According to the United Nations World Population Prospects (UNWPP), Singapore’s senior population will grow to 1,258,441 in the next two decades. 23 percent of Singapore’s population or one in five Singaporeans will be 65 and older by 2030. This silver tsunami is exacerbated by the fact that there will be only 2.1 working adults taking care of one elderly person in 2030. The worrying statistics foresee the need to increase healthcare and social spending, and build an effective elder care system.
But what do the elderly really need?
Neither the ‘Silver Support Scheme’ nor the ‘Pioneer Generation Package’ is enough to deal with the challenges of an ageing population. At the end of the day, what our senior citizens really want is to stay independent and engaged. They do not want to be treated as forlorn figures in society or as a burden to their families; they want to be recognised as part of the community. As American author Mark Twain once said, “Age is an issue of mind over matter. If you don’t mind, it doesn’t matter!”
Rather than depend on government-run schemes to counter this ‘silver tsunami’, communities in Singapore should come together to address this alarming issue and care for our elderly. As the Chinese idiom goes,‘前人栽树，後人乘凉’— one generation plants the trees, the future generations get the shade. Singaporeans should honour the hard work of our elders and preserve the social values of filial piety and respecting our elders.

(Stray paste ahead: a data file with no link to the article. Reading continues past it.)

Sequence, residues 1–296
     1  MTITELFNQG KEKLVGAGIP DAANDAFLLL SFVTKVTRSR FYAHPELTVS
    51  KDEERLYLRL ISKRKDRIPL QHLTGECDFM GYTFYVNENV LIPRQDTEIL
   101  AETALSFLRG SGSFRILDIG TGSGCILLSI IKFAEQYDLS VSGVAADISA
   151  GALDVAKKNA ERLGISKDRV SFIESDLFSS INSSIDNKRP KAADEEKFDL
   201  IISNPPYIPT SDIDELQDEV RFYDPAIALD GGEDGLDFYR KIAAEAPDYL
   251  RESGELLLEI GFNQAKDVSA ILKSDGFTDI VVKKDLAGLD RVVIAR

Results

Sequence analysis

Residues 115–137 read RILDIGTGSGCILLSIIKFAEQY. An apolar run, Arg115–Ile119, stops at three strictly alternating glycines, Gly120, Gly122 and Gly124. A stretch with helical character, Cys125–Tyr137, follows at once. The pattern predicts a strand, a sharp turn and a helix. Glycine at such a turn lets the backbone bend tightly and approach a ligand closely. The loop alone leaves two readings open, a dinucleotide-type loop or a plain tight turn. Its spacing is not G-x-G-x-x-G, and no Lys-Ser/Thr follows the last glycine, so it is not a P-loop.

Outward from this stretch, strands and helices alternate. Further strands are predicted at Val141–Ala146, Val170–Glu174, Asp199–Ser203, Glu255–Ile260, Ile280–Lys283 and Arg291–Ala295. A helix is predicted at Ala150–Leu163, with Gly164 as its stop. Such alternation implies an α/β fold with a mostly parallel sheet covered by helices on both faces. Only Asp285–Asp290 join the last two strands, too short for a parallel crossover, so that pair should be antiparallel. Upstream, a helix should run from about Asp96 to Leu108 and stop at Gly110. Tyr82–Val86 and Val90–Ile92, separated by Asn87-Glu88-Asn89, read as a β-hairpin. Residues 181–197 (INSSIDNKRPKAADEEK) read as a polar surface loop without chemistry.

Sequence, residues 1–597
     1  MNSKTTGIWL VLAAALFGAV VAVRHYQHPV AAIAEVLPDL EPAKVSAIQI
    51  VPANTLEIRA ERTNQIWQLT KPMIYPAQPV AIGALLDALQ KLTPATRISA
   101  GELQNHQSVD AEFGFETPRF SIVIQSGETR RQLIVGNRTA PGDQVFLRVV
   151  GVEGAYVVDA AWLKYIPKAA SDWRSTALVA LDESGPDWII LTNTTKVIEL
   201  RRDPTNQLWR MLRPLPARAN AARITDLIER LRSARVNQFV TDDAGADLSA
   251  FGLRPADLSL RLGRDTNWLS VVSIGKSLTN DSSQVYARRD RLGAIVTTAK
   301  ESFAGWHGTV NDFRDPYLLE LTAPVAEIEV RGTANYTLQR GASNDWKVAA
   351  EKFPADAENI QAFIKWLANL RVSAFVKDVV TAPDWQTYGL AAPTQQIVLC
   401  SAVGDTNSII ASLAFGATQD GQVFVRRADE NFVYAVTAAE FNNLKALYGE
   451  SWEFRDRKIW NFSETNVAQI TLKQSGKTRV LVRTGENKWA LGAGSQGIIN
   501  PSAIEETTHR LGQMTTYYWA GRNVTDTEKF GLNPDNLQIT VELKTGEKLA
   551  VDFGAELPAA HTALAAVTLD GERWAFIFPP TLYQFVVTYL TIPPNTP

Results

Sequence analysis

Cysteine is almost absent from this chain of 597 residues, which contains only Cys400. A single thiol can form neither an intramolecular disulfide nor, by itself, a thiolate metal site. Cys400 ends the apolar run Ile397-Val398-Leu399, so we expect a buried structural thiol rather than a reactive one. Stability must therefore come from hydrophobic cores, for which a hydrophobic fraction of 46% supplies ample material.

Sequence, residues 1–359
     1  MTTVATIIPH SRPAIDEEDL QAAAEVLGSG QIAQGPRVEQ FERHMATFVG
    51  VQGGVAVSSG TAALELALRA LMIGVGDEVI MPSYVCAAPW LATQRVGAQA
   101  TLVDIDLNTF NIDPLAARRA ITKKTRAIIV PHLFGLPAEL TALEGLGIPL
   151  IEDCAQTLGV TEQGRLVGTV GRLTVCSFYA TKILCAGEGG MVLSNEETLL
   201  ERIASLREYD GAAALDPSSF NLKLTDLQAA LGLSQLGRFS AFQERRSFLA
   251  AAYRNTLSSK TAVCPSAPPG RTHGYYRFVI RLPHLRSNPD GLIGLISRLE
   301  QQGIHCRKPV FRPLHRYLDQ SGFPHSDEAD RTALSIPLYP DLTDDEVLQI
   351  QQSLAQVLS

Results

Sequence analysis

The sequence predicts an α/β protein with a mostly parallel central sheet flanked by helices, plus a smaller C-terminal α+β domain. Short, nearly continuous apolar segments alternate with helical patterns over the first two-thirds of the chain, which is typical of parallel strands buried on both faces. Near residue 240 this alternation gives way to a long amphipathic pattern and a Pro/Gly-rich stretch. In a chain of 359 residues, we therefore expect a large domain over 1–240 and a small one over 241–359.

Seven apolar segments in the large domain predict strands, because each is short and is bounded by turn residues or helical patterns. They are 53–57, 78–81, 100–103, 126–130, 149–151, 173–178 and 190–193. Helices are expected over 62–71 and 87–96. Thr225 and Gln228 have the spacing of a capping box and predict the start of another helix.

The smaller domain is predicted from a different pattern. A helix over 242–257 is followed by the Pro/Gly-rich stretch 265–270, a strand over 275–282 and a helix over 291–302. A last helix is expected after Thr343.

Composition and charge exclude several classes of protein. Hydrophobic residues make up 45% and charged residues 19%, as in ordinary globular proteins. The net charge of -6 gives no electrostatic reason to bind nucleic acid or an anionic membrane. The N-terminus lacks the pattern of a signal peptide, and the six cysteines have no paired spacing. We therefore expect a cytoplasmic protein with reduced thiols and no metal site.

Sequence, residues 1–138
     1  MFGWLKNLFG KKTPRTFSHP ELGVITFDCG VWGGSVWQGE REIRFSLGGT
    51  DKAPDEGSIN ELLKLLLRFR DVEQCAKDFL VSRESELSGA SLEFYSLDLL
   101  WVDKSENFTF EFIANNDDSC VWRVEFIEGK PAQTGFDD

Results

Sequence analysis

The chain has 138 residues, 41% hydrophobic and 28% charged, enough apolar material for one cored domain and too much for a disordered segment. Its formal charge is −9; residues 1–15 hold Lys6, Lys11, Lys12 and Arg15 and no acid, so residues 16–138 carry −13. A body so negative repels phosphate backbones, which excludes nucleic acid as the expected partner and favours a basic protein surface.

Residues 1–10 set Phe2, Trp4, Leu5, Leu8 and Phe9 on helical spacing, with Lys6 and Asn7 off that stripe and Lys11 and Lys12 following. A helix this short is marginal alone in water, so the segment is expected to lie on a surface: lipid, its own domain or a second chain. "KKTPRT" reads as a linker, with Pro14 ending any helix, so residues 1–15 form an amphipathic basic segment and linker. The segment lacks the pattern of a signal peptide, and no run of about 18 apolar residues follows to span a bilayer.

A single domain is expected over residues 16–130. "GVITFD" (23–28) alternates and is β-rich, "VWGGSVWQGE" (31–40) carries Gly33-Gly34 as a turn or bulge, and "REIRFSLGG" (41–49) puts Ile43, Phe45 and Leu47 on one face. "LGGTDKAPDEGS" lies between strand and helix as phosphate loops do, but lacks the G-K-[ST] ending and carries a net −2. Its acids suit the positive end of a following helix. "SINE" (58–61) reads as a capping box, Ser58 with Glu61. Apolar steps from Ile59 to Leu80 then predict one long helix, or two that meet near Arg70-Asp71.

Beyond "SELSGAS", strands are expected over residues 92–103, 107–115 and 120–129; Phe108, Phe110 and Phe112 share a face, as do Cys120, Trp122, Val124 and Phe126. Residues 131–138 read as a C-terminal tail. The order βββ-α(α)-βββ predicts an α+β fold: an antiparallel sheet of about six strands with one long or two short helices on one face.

“Ultimately it is not about Government schemes, but about building a caring and resilient society,” said Finance Minister Heng Swee Keat in his Budget 2016 Debate Round-up Speech on April 6.
In a series of articles, our reporters looked into issues including Singapore’s elderly loneliness epidemic, how to foster communication between the youth and the elderly, elderly care services for an ageing population and whether our elderly really get the care they need.
In this digital age, technology may help provide a more efficient elderly system. What are some of the apps and technology available for seniors? How to provide a more efficient care management services? How to strengthen family bonds in Singapore and inculcate the value of looking after our elderly? In an exclusive interview with Tsao Foundation, we explore these important issues.
Finally, we provide a glimpse into the lives of Singapore’s elderly and tell some of the stories that touched us.